Republican National Committee Chairman Reince Priebus is facing one of the biggest challenges of his tenure — juggling the party’s presidential primary calendar.
Priebus, who took over the cash-strapped committee at the beginning of the year, has managed to put a serious dent in its debt. But now he has to balance states that want an influential position in the nomination process with the traditional early voting states that want to retain their role in determining the GOP presidential nominee.
Earlier this year, the RNC asked all states but the four early voting ones not to hold their contests before March 6 — and threatened to remove half of the convention delegates for those that don’t comply.
But Florida officials Wednesday indicated that they will move their primary date to Jan. 31, which would prompt Iowa, New Hampshire, Nevada and South Carolina to move their dates to early or mid-January to keep their leading spots in the nomination calendar.
This comes on the heels of Michigan and Arizona moving their contests to Feb. 28 in an attempt to get a heads-up on the March 6 Super Tuesday primaries.
And Missouri, Alaska, Georgia and North Dakota have all made noise about moving up their dates, which could wreak additional havoc on the calendar.
It will all come to a head Saturday — the day state officials must submit their 2012 primary and caucus dates to the RNC.
After that, Priebus and his staff face the delicate task of puzzling it all out — either getting some of those states to change their dates, deciding on a punishment for those that don’t, or reconfiguring the rule about allowing no other primaries before March 6. The situation with Florida is particularly complicated given that the party’s national convention will be in Tampa next August.
Saul Anuzis, a Michigan RNC committeeman who sits on the RNC’s primary date compliance committee, said he expects Florida to move up its primary and trigger a repeat of last election, when it lost half its voting delegates.
“It appears both on the timetable and on the convention process that 2008 is replaying itself,” Anuzis said.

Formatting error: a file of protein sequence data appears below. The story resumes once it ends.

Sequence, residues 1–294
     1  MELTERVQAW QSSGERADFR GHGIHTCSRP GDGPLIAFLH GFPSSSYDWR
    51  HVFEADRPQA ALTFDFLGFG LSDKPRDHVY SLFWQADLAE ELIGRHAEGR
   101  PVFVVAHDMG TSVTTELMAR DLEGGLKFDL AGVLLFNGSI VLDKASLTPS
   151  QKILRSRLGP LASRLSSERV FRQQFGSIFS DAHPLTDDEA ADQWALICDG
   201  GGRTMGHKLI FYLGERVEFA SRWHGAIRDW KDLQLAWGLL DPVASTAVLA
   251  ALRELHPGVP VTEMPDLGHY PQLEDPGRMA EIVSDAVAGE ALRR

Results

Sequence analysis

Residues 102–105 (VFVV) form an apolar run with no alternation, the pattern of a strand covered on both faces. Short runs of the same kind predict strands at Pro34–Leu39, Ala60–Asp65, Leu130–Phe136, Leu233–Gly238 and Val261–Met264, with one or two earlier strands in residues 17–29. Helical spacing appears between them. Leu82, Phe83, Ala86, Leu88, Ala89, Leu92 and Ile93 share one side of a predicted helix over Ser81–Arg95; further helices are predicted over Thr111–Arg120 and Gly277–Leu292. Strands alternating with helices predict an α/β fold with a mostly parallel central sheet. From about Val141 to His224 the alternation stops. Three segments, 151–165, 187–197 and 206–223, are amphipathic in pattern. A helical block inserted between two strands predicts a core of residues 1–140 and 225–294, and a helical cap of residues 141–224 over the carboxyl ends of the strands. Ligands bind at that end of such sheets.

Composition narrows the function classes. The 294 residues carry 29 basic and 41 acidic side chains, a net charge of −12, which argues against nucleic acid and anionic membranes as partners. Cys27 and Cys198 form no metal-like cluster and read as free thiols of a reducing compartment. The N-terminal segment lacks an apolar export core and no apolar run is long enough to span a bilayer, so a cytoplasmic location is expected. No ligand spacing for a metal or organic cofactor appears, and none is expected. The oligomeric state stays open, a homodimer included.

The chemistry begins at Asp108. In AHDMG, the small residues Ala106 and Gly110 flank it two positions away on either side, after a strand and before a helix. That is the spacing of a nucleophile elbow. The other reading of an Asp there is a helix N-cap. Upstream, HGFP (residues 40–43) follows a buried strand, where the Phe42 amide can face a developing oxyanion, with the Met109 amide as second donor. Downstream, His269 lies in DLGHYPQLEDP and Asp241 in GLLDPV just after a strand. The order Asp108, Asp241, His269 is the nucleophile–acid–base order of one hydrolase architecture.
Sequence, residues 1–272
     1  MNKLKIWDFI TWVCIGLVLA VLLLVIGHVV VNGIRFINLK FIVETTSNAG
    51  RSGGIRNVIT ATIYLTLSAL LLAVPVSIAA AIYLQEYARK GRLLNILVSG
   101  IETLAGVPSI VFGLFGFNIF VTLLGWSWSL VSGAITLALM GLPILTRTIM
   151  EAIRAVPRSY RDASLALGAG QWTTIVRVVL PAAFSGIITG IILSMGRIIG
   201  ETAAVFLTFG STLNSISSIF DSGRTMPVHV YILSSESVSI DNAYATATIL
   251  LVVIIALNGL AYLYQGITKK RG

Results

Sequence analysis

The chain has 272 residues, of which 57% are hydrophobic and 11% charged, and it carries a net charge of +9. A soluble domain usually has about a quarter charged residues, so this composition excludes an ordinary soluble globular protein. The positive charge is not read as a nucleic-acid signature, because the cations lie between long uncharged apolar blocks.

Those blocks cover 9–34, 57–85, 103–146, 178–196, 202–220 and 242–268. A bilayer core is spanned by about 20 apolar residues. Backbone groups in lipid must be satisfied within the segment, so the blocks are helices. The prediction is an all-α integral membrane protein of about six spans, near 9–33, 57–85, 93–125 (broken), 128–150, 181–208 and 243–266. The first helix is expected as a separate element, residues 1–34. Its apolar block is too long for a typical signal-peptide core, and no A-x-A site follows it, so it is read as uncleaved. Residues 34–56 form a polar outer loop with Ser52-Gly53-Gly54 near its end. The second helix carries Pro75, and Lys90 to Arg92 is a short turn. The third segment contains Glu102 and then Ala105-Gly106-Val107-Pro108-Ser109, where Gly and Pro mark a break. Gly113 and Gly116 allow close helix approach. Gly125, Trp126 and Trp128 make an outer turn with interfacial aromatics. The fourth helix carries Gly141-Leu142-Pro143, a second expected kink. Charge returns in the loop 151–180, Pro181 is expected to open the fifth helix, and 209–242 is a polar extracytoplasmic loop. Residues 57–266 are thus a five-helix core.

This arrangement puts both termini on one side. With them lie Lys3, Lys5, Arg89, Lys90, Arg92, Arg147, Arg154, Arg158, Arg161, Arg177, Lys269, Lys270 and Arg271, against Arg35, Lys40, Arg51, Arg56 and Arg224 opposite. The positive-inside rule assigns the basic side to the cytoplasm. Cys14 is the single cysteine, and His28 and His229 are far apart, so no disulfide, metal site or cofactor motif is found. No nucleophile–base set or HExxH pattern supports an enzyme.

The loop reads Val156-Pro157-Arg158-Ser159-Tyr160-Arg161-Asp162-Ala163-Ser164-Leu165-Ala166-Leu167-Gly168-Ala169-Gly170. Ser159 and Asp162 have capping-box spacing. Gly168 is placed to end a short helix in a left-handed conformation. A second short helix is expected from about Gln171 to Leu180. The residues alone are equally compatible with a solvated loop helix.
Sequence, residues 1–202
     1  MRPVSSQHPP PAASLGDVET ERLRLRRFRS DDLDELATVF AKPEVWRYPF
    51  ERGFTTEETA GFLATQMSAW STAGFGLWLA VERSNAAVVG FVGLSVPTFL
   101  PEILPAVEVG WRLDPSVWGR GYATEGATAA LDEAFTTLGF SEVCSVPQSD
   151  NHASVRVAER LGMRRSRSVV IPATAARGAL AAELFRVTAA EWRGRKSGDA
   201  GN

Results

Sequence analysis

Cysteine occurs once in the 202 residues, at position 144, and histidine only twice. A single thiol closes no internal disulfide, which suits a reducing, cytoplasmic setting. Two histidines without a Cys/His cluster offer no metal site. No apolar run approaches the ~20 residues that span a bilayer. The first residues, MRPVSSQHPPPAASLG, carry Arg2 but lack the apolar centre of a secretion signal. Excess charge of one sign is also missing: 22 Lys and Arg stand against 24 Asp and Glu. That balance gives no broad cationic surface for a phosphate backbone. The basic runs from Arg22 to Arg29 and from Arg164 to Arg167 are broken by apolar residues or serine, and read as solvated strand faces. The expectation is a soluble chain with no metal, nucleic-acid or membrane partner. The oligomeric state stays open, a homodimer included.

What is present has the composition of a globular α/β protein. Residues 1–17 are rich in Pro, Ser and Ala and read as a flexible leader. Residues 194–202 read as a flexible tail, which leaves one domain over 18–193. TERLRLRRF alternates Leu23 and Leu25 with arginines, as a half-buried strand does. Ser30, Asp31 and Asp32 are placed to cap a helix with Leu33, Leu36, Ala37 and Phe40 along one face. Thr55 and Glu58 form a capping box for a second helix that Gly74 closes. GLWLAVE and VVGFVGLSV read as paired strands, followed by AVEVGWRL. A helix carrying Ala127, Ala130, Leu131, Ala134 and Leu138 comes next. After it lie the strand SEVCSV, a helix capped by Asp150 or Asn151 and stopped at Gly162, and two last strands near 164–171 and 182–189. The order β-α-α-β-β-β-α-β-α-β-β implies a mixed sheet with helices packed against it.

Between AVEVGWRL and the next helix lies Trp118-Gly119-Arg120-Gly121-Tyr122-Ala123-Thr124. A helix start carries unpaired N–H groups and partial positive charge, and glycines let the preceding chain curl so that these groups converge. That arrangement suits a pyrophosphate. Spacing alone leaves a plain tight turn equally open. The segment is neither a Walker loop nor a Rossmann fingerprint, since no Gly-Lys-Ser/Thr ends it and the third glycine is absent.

Meanwhile, RNC spokeswoman Kirsten Kukowski emphasized that Florida has not made any decisions yet, but promised that the committee will stick with enforcing its rules.
“We’re going to continue working with Florida and other states to make sure they’re in compliance with the rules, and any state that isn’t will lose half its delegates,” she said. “The rules are the rules — if you want to jump that’s fine, but that’s at your own risk.”
Anuzis said the situation is a touchy one for all parties involved.
“Florida wants to be an early player, they want to have an influence — and the challenge is they’re the host state [for the convention]. Here you have the host state violating the rules, which is an uncomfortable situation for them to be in, and for us too, absolutely,” he said. “We’re trying to accommodate everybody because you don’t want donors in Florida, Arizona or even Michigan being upset because some arbitrary rule puts them in a difficult voting situation.”
Justin Sayfie, a prominent Florida Republican strategist with close ties to former Florida Gov. Jeb Bush (R), said if the RNC stripped half of Florida’s delegates at a convention it was hosting it would be a seen as a “slap in the face to the Republican leadership in the state of Florida.”
“They can choose to do so and it’s their right to do that, but it could have negative electoral consequences for our candidates because of Florida’s must-win status in the presidential election,” he said.
Sayfie praised Priebus’s work so far, but warned that the hardest part is yet to come.
“I think he’s handled it the way he should handle it, has done exactly what he should be doing — all you can do is set the rules out there to have an orderly primary process, and the states are going to make their own decisions knowing up front what the rules are,” he said.
If the GOP nomination process wraps up early and there is a clear nominee, Priebus will be able to avoid having to make any hard decisions, as Florida’s loss of delegates won’t have any effect on who the eventual nominee is.
But if it’s a close nomination process — and especially if the nomination fight winds up as a delegate battle on the convention floor, which hasn’t been seen in recent history — the fight could get ugly.
“Where it’s going to get a little bit more delicate is after we know who the nominee is, and especially if it ends up being a close nomination contest all the way to the end,” Sayfie said. “If it comes down to a handful of delegates deciding who gets the nomination, it gets very interesting.”
As for the GOP presidential candidates, thus far they have stayed out of the fracas, but they could get involved if a state one of them wins is threatened with losing delegates.
|Here’s what the nomination calendar could look like:|
|Iowa caucuses||first or second week of January|
|New Hampshire primary||a few days after Iowa|
|Nevada caucuses||a week after New Hampshire|
|South Carolina primary||shortly after Nevada’s contest|
|Florida primary||Jan. 31|
|Colorado, Minnesota, Maine||Feb. 7 (non-binding preference polls, no delegate penalties)|
|Missouri||Feb. 7 (tentative)|
|Arizona and Michigan||Feb. 28|
|Idaho, Massachusetts, Ohio, Oklahoma, Tennessee, Texas, Vermont, Virginia (Super Tuesday)||March 6|
|NOTE: Alaska, Georgia and North Dakota might move their primary dates, and those contests could take place at some point during this time frame.|